This is as close to the beach as you can get without actually being there: lime, coconut, and everything beachy and summery. I find the women's version of Set Sail St. Barts to be very close to the men's version, so much so that one can be used instead of the other. Both the men's and women's versions are quite summery and unisex, quite fun to wear in warm weather. Not much longevity and projection, but given the low price tag, that may not be a huge problem, as long as you do not mind reapplying every few hours.


03/06/2015
2 Awards
I came across a body lotion of this quite recently, and it smelled exquisite. Strong white floral notes mixing with spices and vanilla left a sultry, creamy and almost animalic impression on me; kind of like Ungaro pour L'Homme II, if you are familiar with that fragrance. If I didn’t know better, I would say there must be some civet in it. If the perfume counterpart is as good as the lotion I experienced, it can become a deadly “weapon of mass attraction” on the right woman.


01/30/2015
2 Awards
(A general word of caution about my impressions of fragrances: I apply on clothes and not on skin.)

This is like those undiluted coolants that you need to mix 50/50 with water before putting in your car's radiator. Silage is enormous, and longevity is preposterous. This stays on clothes virtually forever. Having said that, it is quite possible to control this beast with careful application. And frankly, I would rather use a single-careful-spray-only fragrance than a gone-in-an-hour-after-20-sprays fragrance. Contemporary Bogart fragrances, (as well as the current offerings of a few other affordable men’s lines such as Lapidus,) are real anomalies in today's fragrance market when you consider the performance you get for the money you spent on them. This beauty here can be had for as little as $15 for a 100 ml bottle, and can last you years at couple sprays a day. This is the kind of performance you would only expect to get from an old-school powerhouse in its vintage formulation. I love Bogart for keeping the old-school powerhouse tradition and gusto alive. “Bogart, the house of powerhouse,” indeed!

Performance aside, this is not my favorite Bogart fragrance, although I like and quite enjoy it. This is quite a sweet fragrance. I would say it is fruity-sweet, rather than spicy-sweet or floral-sweet. To my nose, honey is a dominant theme in this fragrance, and I was surprised to see that it is not among the official notes. Actually, I get a distinct “honey smell” from this fragrance as opposed to just a “honey note” as you would find in several other fragrances that include honey as a note, such as Bijan and Alain Delon. But then again, Bogart is known for creating impressions of notes without actually using them in a fragrance, but instead through interaction of other notes. For example, consider the incense impression in Furyo without the use of incense as a note, or the tobacco impression in Bogart pour Homme (2004, not the 1975 original) without the use of tobacco. Beside the sweetness, this fragrance has the trademark “dirty+soapy” aspect you find in most Bogart fragrances, which gives it an extra old-school macho appeal. The “dirty+soapy” aspect becomes quite pronounced if you smell the fragrance up close after application. I believe what I call the “dirty+soapy” aspect is the "thin balance" between clean and dirty Rickbr talks about in his review below. I like that in a fragrance.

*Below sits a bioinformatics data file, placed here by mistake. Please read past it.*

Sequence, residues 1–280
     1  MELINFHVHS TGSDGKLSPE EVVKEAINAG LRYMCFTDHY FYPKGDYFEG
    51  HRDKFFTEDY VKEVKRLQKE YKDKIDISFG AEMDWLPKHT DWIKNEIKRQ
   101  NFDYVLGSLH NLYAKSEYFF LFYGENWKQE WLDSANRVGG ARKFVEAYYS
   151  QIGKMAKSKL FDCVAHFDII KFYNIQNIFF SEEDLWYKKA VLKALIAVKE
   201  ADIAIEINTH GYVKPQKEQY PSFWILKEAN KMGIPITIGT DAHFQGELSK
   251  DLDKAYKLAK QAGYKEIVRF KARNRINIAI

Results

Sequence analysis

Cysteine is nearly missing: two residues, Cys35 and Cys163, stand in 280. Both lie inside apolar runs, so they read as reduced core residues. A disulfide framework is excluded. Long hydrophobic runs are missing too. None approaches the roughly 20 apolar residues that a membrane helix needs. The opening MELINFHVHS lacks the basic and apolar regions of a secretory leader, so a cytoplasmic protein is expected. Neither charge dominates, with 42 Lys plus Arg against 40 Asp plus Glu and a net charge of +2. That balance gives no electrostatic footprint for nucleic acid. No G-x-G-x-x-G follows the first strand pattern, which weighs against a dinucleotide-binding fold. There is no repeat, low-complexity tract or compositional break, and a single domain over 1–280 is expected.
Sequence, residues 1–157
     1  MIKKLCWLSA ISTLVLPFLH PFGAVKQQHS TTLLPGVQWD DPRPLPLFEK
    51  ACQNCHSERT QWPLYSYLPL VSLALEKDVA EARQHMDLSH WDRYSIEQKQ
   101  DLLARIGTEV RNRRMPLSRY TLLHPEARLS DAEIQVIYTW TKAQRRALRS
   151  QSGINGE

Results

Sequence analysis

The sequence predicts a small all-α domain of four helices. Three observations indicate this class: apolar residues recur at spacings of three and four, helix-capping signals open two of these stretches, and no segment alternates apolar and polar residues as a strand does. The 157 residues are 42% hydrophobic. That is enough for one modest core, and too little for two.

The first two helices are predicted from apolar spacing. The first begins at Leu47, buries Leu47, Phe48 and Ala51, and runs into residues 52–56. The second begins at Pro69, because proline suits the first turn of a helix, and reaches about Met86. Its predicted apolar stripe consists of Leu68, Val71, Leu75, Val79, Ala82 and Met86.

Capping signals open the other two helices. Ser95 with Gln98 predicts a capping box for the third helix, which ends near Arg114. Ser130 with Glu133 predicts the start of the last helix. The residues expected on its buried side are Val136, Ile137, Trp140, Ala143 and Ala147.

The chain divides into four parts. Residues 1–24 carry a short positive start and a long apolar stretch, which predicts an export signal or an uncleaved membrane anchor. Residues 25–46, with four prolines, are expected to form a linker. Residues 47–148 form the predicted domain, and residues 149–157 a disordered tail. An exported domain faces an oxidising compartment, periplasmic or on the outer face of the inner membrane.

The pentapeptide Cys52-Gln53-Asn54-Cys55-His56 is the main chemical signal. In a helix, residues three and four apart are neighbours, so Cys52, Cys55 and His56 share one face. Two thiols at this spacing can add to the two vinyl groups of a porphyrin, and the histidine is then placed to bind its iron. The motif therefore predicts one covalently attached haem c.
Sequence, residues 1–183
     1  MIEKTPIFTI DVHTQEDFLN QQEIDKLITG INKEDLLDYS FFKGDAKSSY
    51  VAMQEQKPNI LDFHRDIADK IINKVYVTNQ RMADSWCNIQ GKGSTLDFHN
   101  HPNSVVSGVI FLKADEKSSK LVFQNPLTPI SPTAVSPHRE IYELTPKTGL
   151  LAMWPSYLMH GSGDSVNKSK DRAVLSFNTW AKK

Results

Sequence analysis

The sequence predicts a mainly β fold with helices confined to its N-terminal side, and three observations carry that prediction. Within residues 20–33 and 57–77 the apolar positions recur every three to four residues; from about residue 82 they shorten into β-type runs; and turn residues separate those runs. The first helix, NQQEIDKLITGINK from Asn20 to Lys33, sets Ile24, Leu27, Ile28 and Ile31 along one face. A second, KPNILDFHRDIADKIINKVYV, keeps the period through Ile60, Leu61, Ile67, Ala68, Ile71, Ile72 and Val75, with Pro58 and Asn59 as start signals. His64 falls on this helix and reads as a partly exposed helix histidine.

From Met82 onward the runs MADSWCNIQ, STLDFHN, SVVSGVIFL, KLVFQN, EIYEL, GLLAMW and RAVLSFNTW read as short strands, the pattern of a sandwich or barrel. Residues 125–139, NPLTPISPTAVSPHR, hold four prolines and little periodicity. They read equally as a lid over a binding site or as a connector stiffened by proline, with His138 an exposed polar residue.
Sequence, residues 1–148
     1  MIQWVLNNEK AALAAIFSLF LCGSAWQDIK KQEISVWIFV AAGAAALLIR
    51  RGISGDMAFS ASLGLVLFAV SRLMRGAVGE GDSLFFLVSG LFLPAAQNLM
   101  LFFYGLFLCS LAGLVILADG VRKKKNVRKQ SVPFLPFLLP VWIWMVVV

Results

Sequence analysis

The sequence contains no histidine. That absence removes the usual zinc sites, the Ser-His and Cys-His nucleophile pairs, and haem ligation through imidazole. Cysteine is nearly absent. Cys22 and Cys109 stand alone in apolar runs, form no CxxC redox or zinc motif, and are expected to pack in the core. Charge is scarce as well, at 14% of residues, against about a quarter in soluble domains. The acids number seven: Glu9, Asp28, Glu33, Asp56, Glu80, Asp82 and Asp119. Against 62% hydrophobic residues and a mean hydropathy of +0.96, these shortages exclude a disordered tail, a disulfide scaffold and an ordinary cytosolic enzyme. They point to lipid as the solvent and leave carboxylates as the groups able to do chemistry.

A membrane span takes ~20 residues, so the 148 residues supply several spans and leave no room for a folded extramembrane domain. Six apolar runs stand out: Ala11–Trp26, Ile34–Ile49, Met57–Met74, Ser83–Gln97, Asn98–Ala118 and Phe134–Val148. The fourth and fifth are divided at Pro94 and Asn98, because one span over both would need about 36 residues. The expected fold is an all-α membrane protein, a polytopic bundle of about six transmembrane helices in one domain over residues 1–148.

01/30/2015
5 Awards
I find Tenere quite close to Rochas Globe. Both have that old-timey, low-key, melancholy herbal-floral vibe, which I recognize instantly, but find quite hard to put into words. They take you back to another time and another place with a few sprays. Another fragrance that gives me a similar feeling is Balenciaga’s Ho Hang Club, which I find more old-school than both Tenere and Globe, but not as good as either, (although I still like Ho Hang Club quite a bit.) Tenere and Globe are lighter and brighter, while I find Ho Hang Club a bit heavy and blunt (if that word makes sense).

Having suggested a similarity between Tenere and Globe, I am having a hard time trying to find the exact connection between them by looking at the official lists of the notes for the two fragrances. However, my nose insists that there indeed is a strong connection. Is it the rose or the carnation? No, I would not say so. I find the connection to be more along the herbal dimension than the floral. Perhaps artemisia, or the restrained and refined use of patchouli? Possibly. Between the two, Globe is the smoother, while Tenere is the harsher one. Tenere has some additional animalic aspect to it, while Globe comes across quite "clean".

Are far as recommendations go, Tenere is not something I would suggest for people who do not usually enjoy old-school fragrances. However, if you do enjoy such fragrances, you may want to give Tenere a try. The problem of course is that Tenere is discontinued and can no longer be sampled in department stores or chain perfumeries. So, you probably will have to take the risk of making a blind buy, unless you have access to an independent brick-and-mortar perfumery that carries discontinued fragrances. As you make your buying decision, consider Rochas Globe and Ho Hang Club as possible alternatives to Tenere; Globe being a very close, and Ho Hang Club a distant substitute. Among the three, Ho Hang Club seems to be the most affordable as of early 2015, and Tenere the most expensive.